When Eurogamer asked if I would go to the SBK X press event on their behalf, my first response was, "will I get to take an YZF-R1 around Silverstone like I did with MotoGP 09/10?" Obviously this was meant in jest. But what they said next pretty much sealed the deal anyway: "no, but you'll get to spend a day at a swanky hotel, and Carl Fogarty will be there". Four times World Superbike Champion Carl Fogarty. In!
As it has become less and less practical to make games for niches within niches, racing games have tried to become more accommodating, attempting to hook in hardcore fans but also people who just like the idea of throwing a vehicle merrily around a track. Four-wheel racers like Forza Motorsport 3 have opted to build an accurate simulation while offering an arcade experience through different levels of assists, and the recently released MotoGP 09/10 from Monumental and Capcom went down the same road, albeit with less success than Forza.
SBK X is a bit more old school, however, preferring to split things up completely. Playing a near-complete console build, the title screen fades away to reveal Arcade, Simulation and multiplayer options. Arcade and Simulation might as well be different games.
The Arcade mode controls are similar to those in MotoGP 09/10. You've got the triggers for acceleration and braking, as well as the left stick for steering/leaning and a "boost" button. To further emphasise how "arcade" this is, there's even a dedicated wheelie button. Out on the track at Donington aboard a Xerox Ducati 1198R, the arcade physics certainly live up to their name, as the bike steers effortlessly into each corner with minimal braking, and tapping the brake and gunning the throttle through hairpins drifts the bike without a hint of high-siding.
A browse through the Arcade features also turns up Quick Race, Quick Championship and Time Attack modes, but the most curious addition is Story Mode. Upon first impressions this seems to be a no-frills career mode where you start off in the Superstock 1000 class before moving up to the more competitive Supersport, eventually hitting Superbike. Before each race your manager also gives you a goal. When I finish 11th at Assen after one lap, beating his target by three places, his pre-race expression goes from "normal" to "happy". That's how I roll.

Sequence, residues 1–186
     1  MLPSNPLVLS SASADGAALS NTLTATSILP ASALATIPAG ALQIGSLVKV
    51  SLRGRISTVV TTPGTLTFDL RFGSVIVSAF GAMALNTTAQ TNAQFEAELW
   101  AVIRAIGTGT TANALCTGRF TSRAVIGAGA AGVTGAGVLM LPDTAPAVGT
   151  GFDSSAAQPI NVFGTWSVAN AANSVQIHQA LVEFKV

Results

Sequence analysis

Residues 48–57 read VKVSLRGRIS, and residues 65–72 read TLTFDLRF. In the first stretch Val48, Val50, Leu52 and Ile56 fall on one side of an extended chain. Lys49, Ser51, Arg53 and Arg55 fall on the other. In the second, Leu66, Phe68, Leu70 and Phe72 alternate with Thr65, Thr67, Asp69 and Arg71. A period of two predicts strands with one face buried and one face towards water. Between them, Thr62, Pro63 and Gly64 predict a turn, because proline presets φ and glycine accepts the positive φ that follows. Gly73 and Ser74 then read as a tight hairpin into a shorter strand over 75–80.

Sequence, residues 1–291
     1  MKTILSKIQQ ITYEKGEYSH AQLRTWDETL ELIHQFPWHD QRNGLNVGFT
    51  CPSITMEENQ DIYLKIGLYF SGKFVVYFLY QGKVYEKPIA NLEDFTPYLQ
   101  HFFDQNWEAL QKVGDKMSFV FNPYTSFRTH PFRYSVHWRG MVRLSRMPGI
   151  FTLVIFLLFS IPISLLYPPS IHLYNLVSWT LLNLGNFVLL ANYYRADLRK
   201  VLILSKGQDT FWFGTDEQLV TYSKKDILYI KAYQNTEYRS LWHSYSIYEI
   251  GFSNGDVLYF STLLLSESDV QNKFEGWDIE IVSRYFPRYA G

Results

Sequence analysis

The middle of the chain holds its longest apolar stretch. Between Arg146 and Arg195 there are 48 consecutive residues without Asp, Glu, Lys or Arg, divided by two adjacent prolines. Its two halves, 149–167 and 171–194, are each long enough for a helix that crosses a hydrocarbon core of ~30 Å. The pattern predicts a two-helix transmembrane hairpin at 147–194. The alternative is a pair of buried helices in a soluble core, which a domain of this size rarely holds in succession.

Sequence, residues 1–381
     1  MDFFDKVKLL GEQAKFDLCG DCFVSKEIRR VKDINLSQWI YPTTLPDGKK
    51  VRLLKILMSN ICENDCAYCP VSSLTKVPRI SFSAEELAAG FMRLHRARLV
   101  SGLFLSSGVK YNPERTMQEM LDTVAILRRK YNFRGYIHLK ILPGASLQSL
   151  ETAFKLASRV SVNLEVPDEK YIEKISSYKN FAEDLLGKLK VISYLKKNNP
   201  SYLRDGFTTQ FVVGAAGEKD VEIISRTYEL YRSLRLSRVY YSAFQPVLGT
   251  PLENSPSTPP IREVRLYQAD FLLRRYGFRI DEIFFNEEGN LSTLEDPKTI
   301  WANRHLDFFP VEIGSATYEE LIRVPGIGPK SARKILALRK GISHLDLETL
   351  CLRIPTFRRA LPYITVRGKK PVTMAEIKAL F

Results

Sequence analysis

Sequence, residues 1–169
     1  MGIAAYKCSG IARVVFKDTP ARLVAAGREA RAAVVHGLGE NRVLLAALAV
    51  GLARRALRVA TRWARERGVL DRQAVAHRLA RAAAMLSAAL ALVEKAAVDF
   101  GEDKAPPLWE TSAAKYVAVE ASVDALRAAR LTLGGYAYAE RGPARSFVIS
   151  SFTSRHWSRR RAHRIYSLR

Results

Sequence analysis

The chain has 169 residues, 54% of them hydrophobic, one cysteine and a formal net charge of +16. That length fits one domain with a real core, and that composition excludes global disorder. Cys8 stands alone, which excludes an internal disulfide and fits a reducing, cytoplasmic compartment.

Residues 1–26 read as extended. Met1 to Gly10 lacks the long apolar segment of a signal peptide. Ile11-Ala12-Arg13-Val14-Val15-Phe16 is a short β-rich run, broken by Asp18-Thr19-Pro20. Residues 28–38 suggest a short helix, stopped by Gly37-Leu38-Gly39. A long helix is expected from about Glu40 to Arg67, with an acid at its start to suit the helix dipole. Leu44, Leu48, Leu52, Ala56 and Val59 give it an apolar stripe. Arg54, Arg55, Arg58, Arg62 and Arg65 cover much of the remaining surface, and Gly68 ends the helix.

Of course, if the Arcade mode represented SBK X as a package, long-time Milestone fans would be mortified, and justifiably so, but talking to the development team it's clear that although they want to appeal to a wider audience, they aren't about to tarnish their reputation as a superbike simulation purveyor. So the switch from Arcade to Simulation mode is exactly that. Out go the single brake and boost buttons and in comes the more familiar analogue weight-shifting and separate front and rear brake control.
I try my luck on the Nurburgring GP-Strecke with Cal Crutchlow's YF-R6, and even with the simulation level set to low the riding physics are entirely different. In Arcade you can take liberties with late braking, but in Simulation you have to prepare for each corner accordingly - braking within realistic limits, leaning in and then gradually applying the throttle as you sweep through the apex. While still possible, power-sliding is subtler and easy to overcook if abused.
For those who won't accept anything less than pure motorcycle realism, full simulation seems unlikely to disappoint. Even the slightest mistake - like veering slightly off the rumble strip or accelerating too hard while cornering - results in your rider eating tarmac. There are also additional options for turning on tyre wear and bike damage, as well as rider weight and health, and bike damage is both graphical, in terms of scratched and cracked fairing, and physical, with gauges showing accumulated damage to the suspension, engine and brakes.